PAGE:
The issue was finally decided by a slim margin in favour of male members being able to vote. Though in all likelihood, it seems that most of the men of the group will, in the event of any future decision to be made, exercise their right to abstain. Their sense of consideration is frustrating, because really, they’re not doing women any favours.

The second meeting of the South Australian Feminist Collective will be taking place on July 16, 2pm-4pm, at the Adelaide Activist Centre, Room 205, Level 2, 95 Currie Street. For more information, visit the facebook page.

5 thoughts on “empowerment by default

  1. With you 100% on this- producing dichotomies about what issues are for “women only” is unhelpful and perpetuates the boundaries between the sexes. This kind of thing is supremely frustrating- not least of because of how ironic it is.

  2. I also agree. I found the discussion and its length offputting. The men at these meetings aren’t going to hamper any decisions because of their gender; it’d be because we are all people, and people’s opinions differ. Exclusion is antithetical to equality. I also have doubts about how seriously people such as myself will be able to take groups which exclude men from the voting process, and how seriously the public will be able to take them as well.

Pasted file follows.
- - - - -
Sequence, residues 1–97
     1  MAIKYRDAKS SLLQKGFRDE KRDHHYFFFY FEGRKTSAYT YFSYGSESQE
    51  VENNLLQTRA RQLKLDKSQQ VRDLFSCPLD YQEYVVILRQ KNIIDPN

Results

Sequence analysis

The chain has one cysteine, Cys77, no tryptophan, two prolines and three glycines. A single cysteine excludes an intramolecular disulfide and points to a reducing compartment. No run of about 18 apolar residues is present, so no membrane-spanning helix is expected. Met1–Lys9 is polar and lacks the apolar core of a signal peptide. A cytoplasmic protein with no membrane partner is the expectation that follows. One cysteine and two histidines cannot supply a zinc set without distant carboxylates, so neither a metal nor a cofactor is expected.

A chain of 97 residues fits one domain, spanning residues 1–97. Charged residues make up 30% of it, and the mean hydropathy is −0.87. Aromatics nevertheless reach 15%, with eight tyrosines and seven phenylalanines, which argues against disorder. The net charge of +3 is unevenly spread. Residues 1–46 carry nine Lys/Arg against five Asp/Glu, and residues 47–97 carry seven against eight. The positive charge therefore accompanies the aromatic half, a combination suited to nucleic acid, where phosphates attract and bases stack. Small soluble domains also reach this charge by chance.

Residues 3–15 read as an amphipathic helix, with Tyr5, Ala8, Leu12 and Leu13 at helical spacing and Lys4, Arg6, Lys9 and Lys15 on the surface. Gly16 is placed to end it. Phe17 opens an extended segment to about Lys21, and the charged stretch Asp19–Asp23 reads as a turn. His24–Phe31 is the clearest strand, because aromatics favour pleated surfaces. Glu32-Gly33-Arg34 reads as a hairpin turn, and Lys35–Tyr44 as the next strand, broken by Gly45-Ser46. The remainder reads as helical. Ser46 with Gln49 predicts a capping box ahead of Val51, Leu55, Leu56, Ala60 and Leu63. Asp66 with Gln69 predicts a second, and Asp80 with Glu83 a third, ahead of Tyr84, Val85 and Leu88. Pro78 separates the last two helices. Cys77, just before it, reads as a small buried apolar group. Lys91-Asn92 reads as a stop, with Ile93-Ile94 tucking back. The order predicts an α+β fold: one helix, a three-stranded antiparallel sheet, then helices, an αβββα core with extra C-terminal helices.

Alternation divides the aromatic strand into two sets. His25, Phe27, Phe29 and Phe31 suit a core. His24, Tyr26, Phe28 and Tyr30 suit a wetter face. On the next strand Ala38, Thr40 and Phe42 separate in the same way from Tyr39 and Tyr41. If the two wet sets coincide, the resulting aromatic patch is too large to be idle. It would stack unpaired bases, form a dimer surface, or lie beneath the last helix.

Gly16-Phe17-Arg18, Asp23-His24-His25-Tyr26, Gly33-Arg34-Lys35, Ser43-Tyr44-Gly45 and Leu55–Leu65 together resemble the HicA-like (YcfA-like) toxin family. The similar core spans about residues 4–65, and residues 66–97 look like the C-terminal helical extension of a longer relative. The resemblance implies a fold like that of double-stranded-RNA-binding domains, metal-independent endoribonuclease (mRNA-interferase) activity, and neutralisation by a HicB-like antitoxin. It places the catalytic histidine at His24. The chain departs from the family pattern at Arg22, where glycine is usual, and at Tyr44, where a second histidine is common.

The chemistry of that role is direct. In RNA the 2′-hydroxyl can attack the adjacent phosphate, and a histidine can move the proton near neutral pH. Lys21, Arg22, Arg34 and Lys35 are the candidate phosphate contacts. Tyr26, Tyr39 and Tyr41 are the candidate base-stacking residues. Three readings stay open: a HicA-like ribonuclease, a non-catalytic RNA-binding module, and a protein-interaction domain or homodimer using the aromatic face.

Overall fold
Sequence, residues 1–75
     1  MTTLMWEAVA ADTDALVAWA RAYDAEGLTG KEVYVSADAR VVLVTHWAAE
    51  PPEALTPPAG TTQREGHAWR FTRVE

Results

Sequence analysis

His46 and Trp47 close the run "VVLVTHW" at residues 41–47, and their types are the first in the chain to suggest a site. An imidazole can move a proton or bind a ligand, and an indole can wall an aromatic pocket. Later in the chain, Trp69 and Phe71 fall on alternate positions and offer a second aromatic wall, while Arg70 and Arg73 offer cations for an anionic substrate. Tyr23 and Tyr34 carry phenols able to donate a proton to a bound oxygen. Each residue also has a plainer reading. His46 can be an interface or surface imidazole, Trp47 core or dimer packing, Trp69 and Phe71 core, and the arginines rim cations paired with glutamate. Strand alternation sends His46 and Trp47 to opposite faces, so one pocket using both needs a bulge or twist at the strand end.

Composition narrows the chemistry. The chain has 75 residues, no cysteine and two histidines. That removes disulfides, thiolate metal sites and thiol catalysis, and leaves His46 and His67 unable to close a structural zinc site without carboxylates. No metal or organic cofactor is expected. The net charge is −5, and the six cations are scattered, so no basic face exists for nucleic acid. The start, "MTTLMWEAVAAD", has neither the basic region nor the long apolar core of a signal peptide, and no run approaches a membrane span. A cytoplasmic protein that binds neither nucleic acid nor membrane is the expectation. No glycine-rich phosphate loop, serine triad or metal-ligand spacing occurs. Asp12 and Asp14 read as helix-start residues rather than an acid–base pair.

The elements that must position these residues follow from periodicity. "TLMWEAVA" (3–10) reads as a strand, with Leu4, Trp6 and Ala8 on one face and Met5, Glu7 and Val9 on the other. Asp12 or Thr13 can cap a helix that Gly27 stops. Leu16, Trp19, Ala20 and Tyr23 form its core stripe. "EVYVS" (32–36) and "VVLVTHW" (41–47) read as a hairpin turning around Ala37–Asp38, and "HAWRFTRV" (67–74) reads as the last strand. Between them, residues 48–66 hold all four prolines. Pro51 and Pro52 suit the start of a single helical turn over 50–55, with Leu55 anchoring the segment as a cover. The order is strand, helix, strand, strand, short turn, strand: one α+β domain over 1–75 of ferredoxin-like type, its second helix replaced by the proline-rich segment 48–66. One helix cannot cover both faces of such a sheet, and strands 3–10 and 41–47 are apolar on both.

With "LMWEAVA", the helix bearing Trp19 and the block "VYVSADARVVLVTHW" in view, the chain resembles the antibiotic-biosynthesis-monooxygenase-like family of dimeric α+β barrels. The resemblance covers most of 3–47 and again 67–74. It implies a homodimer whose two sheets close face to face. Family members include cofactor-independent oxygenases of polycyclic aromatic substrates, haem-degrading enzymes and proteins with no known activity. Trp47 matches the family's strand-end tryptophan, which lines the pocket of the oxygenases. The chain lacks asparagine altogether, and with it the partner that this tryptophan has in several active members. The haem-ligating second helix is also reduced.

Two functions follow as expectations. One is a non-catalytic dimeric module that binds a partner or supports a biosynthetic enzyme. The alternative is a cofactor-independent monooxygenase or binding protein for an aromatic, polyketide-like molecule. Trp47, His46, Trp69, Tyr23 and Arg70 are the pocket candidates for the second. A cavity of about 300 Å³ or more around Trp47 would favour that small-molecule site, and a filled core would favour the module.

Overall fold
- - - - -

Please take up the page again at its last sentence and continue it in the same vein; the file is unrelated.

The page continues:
Discussions like these just reinforce the stereotype or feminists being angry man haters.

  3. Its a good idea to exclude men. Most women dont know how to do it.
    Its a good idea for all oppressed groups to organise together. Why would you want a white person at an aboriginal meeting, a man at a women’s meeting, a table tennis player at a footballer meeting, a straight person at a gay meeting??
    They will just get in the road, spoil the fun, etc etc.
    Women have been trained from day one to be inclusive all the time. We will never be free if we dont learn how to exclude others.

  4. While I agree this discussion went on for too long, and it was too early to even make a decision. Since this time there has been a number of problems of having men in the collective. And these include:

    - Men telling women how to run meetings
    -Men dominating the conversation and speaking for really long periods of time.
    - A reluctance in the women to share personal stories because of men’s presence.
    - A tendency to be patronising by repeating things women have already said